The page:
Ke$ha’s Pee-Drinking Incident Really Pissed Off the Parents Television Council
Angry conservatives give new meaning to "pissing in the wind"
Ke$ha’s MTV reality show just got an extra trickle of publicity from an unexpected fount.
Last night on Ke$ha: My Crazy Beautiful Life, which airs Tuesdays at 11 p.m., the Warrior princess could be seen drinking her own urine (watch a preview clip here). The pee-sipping has been a major talking point for the series, with the Internet gossip mill first touting the unwholesome scoop back in February. And now, as the Hollywood Reporter points out, Ke$ha’s whizz-quaffing has attracted the displeasure of the Parents Television Council, a non-profit advocacy group whom you may remember from such indecency complaints as our national war on Janet Jackson’s right nipple.
The PTC, whose founder once said on national TV that President Obama looks like a “skinny ghetto crackhead” and whose board includes pop-music punching bag Pat Boone, sent a letter yesterday hipping its supporters to the show’s “disgusting, vile content” — just in time for them to presumably watch it. The letter also reportedly spun Ke$ha’s wee-wee guzzling as a reason that cable providers should unbundle their channels. “Why should we have to pay for this kind of garbage just so we can get access to Discovery, Disney, or the Golf channel?” the PTC wrote. The group, which describes itself as nonpartisan, also promoted Senator John McCain’s unbundling legislation.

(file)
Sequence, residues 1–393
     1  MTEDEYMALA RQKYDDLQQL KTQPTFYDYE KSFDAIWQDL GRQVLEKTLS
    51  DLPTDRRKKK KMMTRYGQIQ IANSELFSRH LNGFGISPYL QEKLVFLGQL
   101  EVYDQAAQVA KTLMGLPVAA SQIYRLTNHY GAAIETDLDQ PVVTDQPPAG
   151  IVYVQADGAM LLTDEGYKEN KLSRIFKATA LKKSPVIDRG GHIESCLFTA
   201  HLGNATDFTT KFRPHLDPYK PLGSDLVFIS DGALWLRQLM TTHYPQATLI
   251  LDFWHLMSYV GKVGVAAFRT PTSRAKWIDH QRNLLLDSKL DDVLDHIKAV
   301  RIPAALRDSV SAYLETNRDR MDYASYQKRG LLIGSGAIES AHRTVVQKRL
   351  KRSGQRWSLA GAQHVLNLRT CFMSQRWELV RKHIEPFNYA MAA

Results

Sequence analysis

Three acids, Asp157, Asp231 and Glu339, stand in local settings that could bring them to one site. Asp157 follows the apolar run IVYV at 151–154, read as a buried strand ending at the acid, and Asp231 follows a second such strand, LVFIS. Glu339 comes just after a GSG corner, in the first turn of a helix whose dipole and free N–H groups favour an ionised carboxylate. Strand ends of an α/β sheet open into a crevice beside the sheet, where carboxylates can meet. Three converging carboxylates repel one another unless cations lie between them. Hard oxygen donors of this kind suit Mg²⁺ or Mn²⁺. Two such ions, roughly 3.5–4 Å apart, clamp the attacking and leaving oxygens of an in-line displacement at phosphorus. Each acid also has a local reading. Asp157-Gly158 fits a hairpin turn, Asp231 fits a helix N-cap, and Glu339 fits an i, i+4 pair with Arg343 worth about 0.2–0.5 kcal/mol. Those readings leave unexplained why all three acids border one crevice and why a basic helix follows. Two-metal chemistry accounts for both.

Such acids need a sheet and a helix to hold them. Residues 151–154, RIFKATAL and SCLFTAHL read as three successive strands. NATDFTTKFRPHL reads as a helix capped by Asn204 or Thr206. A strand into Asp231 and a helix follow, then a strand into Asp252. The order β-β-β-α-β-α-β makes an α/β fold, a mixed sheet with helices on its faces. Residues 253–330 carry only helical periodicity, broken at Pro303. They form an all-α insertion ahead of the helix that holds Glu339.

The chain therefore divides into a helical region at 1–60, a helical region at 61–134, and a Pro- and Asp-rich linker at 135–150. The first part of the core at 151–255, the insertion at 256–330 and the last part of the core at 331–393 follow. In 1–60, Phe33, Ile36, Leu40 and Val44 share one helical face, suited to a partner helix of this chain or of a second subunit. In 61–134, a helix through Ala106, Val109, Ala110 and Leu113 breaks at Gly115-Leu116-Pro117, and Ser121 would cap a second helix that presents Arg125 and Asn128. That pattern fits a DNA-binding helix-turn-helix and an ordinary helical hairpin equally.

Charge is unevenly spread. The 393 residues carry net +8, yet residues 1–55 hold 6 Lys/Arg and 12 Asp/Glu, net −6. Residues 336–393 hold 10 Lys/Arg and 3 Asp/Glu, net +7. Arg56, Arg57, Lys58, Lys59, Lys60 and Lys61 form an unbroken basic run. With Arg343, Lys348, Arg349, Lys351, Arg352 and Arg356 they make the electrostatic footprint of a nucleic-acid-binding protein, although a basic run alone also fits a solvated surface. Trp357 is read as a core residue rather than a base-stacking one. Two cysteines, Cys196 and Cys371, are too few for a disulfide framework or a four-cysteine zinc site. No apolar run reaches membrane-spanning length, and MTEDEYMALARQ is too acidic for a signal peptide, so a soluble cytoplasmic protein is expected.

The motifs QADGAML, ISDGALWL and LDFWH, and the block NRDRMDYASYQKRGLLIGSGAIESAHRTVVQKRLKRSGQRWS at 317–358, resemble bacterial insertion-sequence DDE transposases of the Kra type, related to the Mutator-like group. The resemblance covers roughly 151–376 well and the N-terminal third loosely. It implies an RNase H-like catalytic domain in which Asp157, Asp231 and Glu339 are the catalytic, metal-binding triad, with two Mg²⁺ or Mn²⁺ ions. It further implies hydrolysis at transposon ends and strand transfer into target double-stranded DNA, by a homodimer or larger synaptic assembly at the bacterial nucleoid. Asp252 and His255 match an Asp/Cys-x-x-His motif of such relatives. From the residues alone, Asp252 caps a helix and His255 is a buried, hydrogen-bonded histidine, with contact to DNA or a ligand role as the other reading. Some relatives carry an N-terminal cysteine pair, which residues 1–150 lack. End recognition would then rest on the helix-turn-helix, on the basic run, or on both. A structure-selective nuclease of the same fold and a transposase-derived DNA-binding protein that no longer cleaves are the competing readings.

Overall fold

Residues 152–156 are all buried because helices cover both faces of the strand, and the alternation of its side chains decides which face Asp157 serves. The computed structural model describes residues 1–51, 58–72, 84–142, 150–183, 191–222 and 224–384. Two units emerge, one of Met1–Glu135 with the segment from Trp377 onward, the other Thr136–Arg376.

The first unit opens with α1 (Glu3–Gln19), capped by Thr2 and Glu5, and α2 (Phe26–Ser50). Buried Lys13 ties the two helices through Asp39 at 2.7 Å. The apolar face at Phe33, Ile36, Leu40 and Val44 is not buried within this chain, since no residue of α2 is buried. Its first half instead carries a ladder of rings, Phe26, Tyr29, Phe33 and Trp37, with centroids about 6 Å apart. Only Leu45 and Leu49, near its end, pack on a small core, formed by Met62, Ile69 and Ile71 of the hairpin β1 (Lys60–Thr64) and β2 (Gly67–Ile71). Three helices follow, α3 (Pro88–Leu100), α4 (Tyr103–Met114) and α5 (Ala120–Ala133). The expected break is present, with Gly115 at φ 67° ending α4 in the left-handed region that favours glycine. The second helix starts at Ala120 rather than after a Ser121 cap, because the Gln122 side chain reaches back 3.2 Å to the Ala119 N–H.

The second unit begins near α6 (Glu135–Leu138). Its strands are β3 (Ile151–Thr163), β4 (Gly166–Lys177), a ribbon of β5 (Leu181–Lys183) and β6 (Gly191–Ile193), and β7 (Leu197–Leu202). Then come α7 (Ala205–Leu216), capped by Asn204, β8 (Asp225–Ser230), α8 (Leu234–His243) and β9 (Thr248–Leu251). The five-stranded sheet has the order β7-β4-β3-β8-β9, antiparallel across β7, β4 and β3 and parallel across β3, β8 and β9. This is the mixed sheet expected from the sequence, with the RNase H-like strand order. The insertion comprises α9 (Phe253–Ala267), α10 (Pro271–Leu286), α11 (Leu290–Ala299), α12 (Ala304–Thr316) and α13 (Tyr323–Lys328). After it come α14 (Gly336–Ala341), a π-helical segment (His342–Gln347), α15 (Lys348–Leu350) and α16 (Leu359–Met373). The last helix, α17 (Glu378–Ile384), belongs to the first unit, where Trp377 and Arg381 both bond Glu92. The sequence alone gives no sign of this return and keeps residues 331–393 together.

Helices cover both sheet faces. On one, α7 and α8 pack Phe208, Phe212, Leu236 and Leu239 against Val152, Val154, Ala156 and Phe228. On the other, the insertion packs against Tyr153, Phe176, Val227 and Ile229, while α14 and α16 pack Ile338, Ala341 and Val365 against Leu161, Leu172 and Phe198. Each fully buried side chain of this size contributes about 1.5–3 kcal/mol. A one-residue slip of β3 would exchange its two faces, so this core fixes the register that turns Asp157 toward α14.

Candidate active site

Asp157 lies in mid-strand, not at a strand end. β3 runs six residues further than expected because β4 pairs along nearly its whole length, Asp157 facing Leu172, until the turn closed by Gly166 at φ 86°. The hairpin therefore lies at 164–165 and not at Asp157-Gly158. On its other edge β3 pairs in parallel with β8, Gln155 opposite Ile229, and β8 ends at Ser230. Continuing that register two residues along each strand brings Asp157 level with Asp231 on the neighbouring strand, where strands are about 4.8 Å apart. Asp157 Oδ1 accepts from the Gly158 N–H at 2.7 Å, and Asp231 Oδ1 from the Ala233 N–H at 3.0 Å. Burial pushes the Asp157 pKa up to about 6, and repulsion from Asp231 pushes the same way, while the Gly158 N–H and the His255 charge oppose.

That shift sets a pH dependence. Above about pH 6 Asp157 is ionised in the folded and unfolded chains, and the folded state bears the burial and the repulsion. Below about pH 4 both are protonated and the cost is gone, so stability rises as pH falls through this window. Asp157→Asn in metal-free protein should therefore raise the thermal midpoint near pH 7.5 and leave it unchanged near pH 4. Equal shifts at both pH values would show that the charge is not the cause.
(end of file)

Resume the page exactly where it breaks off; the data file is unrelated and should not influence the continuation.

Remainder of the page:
Ke$ha has previously said her piss take was a one-off. “I hear it was good for you,” she told THR of the water-sports drink. “I’m not good at saying ‘no’ so I just figure, fuck it, I’ll try anything once. So I tried it. I wouldn’t recommend it. It was pretty gross.”
PTC’s move, paradoxically giving more attention to that which it condemns, comes after the Catholic League magnanimously gifted David Bowie with an extra day in the news cycle for his latest video, which happens to be titled “The Next Day.”
It’s unclear how Ke$ha feels about unbundling cable networks, but while it might be an option someday, McCain’s bill isn’t expected to pass. James Surowiecki, the New Yorker‘s financial writer, did a great piece a few years ago analyzing the arguments for and against a la carte cable options. In short: Let’s make the most of the night like we’re gonna die young and not waste too much time deciding how much each individual cable network is worth to us. It’s not like we’re flushing our money down the toilet.